Celeste Kidd and Steven Piantadosi had sued the university over its handling of sexual harassment allegations made against colleague Florian Jaeger.
Donald Coffey, a longtime professor at Johns Hopkins University, discovered the nuclear matrix within cells and its role in DNA replication.
November 13, 2017|
AMERICAN ASSOCIATION FOR CANCER RESEARCHDonald Coffey, a Johns Hopkins University prostate cancer researcher whose accomplishments include the discovery of the nuclear protein matrix, died last week (November 9). He was 85.
Coffey’s lab studied the basics of DNA’s three-dimensional structure and how aberrations in the molecule’s normal function contributes to cancer, as well as the role of androgens in prostate cancer. Coffey was president of the American Association for Cancer Research (AACR) from 1997 to 1998.
“He may be the most remarkable person I’ve ever met,” William Nelson, director of the Kimmel Cancer Center at Johns Hopkins, which Coffey cofounded in 1973, says in an obituary published by the university. “His impact on cancer and the people who will ultimately solve the cancer problem is immeasurable.”
Born in Tennessee in 1932, Coffey started his career at Hopkins washing glassware for graduate students, according to the obituary. His atypical career trajectory saw him working his way up to directing a urology research laboratory before earning his PhD in 1964, at the age of 33.
From his studies of DNA, Coffey and Ronald Berezney, who is now a professor at the University at Buffalo, described the nuclear matrix, the network of proteins that supports the 3-D architecture of the nucleus. Their paper, published in Biochemical and Biophysical Research Communications in 1974, has been cited more than 1,100 times, according to Google scholar.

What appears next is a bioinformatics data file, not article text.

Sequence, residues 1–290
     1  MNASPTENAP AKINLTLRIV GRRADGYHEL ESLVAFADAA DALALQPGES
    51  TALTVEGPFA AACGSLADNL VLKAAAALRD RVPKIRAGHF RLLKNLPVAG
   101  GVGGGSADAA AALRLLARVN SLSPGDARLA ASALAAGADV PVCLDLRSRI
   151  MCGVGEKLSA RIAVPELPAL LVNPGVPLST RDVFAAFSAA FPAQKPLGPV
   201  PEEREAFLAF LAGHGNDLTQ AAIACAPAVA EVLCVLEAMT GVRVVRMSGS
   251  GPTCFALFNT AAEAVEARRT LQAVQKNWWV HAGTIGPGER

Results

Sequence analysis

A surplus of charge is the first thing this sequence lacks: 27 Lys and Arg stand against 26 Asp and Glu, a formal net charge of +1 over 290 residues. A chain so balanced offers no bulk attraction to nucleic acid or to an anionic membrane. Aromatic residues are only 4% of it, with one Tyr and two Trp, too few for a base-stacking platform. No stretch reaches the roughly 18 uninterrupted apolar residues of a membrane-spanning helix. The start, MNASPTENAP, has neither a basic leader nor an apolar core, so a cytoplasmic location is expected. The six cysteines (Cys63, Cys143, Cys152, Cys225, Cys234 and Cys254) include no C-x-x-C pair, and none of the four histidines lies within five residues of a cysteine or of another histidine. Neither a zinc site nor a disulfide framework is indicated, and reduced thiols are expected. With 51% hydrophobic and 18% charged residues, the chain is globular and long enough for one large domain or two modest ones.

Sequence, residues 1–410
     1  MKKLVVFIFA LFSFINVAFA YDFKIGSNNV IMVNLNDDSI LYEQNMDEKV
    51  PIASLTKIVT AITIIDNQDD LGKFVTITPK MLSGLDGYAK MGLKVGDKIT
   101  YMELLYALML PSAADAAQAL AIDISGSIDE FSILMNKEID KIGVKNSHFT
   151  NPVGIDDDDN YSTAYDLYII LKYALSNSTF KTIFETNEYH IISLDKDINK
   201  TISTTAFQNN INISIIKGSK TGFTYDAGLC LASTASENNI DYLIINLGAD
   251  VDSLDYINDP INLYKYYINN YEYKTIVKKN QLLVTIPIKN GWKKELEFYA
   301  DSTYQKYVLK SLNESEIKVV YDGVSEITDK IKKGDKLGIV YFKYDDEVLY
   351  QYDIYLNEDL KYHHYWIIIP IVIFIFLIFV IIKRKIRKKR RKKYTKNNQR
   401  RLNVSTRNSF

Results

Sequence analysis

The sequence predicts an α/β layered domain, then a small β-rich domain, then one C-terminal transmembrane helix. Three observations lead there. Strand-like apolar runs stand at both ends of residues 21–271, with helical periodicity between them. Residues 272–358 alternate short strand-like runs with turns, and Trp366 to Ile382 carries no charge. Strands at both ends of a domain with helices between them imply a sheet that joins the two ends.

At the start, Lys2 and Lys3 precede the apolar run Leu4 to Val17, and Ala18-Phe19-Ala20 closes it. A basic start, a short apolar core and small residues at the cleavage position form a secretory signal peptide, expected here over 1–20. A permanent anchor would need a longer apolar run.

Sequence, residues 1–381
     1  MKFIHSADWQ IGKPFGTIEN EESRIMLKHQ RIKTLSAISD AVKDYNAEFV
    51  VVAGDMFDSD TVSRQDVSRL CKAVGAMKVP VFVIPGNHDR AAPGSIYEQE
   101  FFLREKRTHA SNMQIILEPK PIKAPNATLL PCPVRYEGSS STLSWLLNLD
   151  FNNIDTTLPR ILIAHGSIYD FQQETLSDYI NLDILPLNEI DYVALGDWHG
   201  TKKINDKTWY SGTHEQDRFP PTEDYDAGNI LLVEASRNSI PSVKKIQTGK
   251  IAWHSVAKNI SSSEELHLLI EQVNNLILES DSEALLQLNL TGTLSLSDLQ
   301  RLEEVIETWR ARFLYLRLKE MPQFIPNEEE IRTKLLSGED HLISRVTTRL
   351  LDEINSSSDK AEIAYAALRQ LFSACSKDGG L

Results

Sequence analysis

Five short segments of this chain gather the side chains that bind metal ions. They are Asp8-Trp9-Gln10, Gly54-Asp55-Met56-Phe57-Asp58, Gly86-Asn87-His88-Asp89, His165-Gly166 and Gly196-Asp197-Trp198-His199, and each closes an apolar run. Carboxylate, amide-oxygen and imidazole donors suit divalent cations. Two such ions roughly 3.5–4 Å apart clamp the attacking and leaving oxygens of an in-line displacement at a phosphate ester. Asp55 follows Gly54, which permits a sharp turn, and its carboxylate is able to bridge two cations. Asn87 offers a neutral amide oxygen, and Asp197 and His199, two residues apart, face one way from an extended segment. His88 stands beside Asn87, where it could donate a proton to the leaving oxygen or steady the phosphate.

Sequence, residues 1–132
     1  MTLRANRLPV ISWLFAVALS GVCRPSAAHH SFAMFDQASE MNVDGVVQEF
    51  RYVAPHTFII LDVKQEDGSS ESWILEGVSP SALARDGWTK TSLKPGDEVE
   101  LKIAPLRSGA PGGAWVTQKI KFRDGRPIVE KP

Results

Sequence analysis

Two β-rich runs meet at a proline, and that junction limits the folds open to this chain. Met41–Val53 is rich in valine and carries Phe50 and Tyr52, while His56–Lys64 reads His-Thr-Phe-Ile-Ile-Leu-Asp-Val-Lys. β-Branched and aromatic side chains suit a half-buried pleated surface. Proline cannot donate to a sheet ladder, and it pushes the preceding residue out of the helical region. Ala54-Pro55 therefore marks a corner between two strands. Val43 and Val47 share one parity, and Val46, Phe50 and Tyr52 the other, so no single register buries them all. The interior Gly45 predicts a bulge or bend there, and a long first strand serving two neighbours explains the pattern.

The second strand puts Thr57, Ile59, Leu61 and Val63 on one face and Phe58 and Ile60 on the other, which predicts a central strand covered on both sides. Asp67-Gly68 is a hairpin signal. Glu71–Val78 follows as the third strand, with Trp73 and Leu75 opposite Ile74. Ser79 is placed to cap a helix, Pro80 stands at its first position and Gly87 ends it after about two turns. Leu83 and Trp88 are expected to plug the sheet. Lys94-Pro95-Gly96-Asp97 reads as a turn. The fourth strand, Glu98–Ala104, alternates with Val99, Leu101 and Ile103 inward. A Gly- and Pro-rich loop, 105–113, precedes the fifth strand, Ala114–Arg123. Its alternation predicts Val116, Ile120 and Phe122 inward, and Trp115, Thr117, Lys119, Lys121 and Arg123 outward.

Several years later, Coffey, along with Hopkins colleagues Bert Vogelstein and Drew Pardoll, revealed that DNA replication occurs along fixed sites within the nuclear matrix.
According to a statement from AACR emailed to The Scientist, Coffey figured out how to pick out androgen-insensitive prostate tumors, contributed to an understanding of telomerase in prostate cancer, and made contributions to the first gene therapy clinical trial for prostate cancer.
“His outstanding leadership skills, dedication to mentoring young investigators, passionate advocacy for sustained increases in funding for cancer research, and remarkable ability to translate complex scientific concepts into lay language made him an icon in the field and a true champion of cancer research,” Margaret Foti, AACR’s CEO, says in the statement.
Coffey is survived by his wife, Eula, his daughters, Kathryn Craighead and Carol Burns, and many grandchildren and great-grandchildren.